I shot a quick video of the didgeridoo demonstration we were given at the SWITCH conference (which you can follow live, by the way). Unfortunately my batteries gave out and I was not able to film the second part of demo with the toilet-roll didgeridoo 😉

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SWITCH Conference, Coimbra: Out of the Box [en]

Running notes from the SWITCH conference in Coimbra. Are not perfect. Feel free to add info in the comments, or corrections.

Ricardo Tomé

From a 1h talk-show to a 24h talk-show.

Stuff about pizza and sandwiches and what social media is closest to (pizza). Anybody can make pizza.

Be different, do things differently, engage, engage, engage. Different but better.

Important for them to define a goal: engage. 24h talk show! The communication is the content.

*steph-note: trouble following this one, sorry, very bad notes*

Crossmedia: really a challenge. Go from making a show for just TV to producing something that works on all platforms.

5 hosts. 3 of them had never touched a facebook or twitter account. Daily show on TV. On the web, 24/7. The show was never the same, no routine, always something new.

Changed the process: put the focus on the content rather than on the media.

*steph-note: following better now there is no talking behind me ;-)*

Webcam for the TV show 45 minutes before the show and 15 minutes after, so you can see what’s going on, and chat, etc.

3 months is really short to make something work on the web (in normal TV, it’s 2 weeks before the kill/live decision).

There is no perfect web. The real web is organic. You don’t know what’s going to happen or which direction it’s going to grow. *steph-note: the whole lack of control thing*

Each host made a commitment about their use of social media to support the show. Update Twitter, Facebook, reply to e-mail, moblog, etc etc.

6 hosts doing that => lots of interaction between those platforms, connected accounts etc.

Lots of feedback during the creative process and production, compared to less use of social media.

Daily tracking and monitoring with weekly reporting. Lots of numbers and hard work. But measuring everything means you have tons of data, what do you do with it?

Achievements:

  • more interaction between hosts and audience and amongst them
  • long-tail effect
  • active participation
  • mobilization
  • faster learning curve (season1)

TV show got a 9.7% share (channel average is 4.7%) (double the channel on almost all targets, and peak at 20% share)

Videos on the web, huge jump in views between season 1 and season 2.

*Ricardo is now showing us figures, all impressive — views on the blog, video views, webcam and chat participants, facebook fans, etc.*

Have fun! They were doing a humourous talk-show, so if they weren’t having fun doing it, now way people would have fun watching it…

Rewarded the host with the biggest web engagement, each week.

Prof. Freitas Magalhaes

The science of facial expressions. *projector problems*

Micro-expressions. *showing us lots of moving faces and expressions on screen; steph-note: I’m not sure where we’re going with this.*

  • FACS is a tool for the study of micro-expressions. Code the face.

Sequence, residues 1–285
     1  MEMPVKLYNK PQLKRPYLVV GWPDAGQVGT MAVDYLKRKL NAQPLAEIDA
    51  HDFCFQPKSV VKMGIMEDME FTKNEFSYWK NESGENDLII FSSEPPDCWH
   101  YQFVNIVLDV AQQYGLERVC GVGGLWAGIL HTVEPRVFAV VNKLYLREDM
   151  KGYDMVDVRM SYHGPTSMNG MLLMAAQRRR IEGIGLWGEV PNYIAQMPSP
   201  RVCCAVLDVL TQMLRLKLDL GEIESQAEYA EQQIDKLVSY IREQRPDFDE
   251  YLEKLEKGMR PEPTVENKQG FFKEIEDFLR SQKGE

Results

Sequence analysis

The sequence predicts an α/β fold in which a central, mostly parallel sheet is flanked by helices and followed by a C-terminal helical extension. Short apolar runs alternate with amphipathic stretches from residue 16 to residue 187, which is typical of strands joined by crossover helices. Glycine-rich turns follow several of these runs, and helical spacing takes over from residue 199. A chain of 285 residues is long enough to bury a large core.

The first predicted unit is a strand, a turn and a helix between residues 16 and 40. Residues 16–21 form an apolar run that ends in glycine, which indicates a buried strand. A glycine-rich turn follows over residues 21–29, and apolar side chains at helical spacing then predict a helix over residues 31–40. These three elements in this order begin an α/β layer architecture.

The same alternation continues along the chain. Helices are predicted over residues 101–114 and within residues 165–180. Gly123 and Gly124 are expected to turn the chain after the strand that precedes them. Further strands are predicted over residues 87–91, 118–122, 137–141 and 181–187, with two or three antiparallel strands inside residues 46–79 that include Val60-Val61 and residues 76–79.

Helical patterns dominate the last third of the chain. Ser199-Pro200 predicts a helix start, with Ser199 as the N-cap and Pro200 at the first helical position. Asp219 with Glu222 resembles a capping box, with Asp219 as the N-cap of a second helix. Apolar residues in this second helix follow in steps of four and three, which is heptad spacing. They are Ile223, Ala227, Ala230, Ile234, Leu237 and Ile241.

• F-MPF is the Portuguese face database.
  • Psy7Faces: detects movement in the face.

what he studied:

  • Psychopaths: they have different facial expressions.
  • Human fetus smile.
  • Alcohol addicts.

Alexandre Lemos

Bubok: we publish every book that comes our way. A recent project! (Not Alex’s project. He just loves it.)

How do they do it? POD (print on demand), I+d, Ebook, Cloud computing, Social networks… A bunch of technologies that give us easy and cheap access to publishing.

Why? it’s a challenge. It allows us to take position, make people look at them. Lots of publishers! Helps them stand out.

Their point: they publish without choosing. But nobody does that! Publishing *is* choosing. The authors choose. They are the ones who choose to publish — self-publish.

  • first book
  • morabilia
  • self-marketing
  • dreams
  • education
  • independance
  • special books

All sorts of reasons to self-publish. Most of the time, books are self-published because the author has a dream.

After only some months of activity, bubok started receiving partnership requests from other publishers. Most publishers gain prestige by refusing books. It’s a strategy! “I’m more important than your book.”

Other publishers get in touch with them, not understanding how they do it — how are they not overwhelmed? how do they afford it? etc.

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SWITCH Conference, Coimbra: Web Today [en]

Running notes from the SWITCH conference in Coimbra. Are not perfect. Feel free to add info in the comments, or corrections.

Hugo Almeida

Machinima. Films made in virtual worlds. A new form of art! Real film techniques in virtual worlds.

  1. choose your virtual world (Second Life, WoW, Sims…” — Hugo likes SL because you can build anything
  2. choose your screen capture software
  3. edit in your favorite video editor

3D mouse to control the camera!

3D world as a collaborative platform.

Project: Hugo looks for a team in SL — no budget! In SL, he looks for artists: Japanese, British, Portuguese, Polish…

scenarios: multinational team

actors: SL avatars, animated by real people — so you need to direct them like real actors

real-time filmmaking: several weeks to make the movie (+production).

Different visions, different cultures: a melting-pot of different ideas.

Budget: 50K for a regular project in this area, but they manage with 300 €

*steph-note: Hugo is talking in Portuguese, but I’d like to know why 😉 — now he shows us a video, beautiful.*

Me 😉

Here’s the blog post about my talk (some advice to freelancers) , with link to my Prezi 🙂

Luis Monteiro

Blogging for a dream. E-mail: “do you want to make a trip to Antarctica?”

  • are you commited to the environment?
  • do you have an urge to photograph penguins?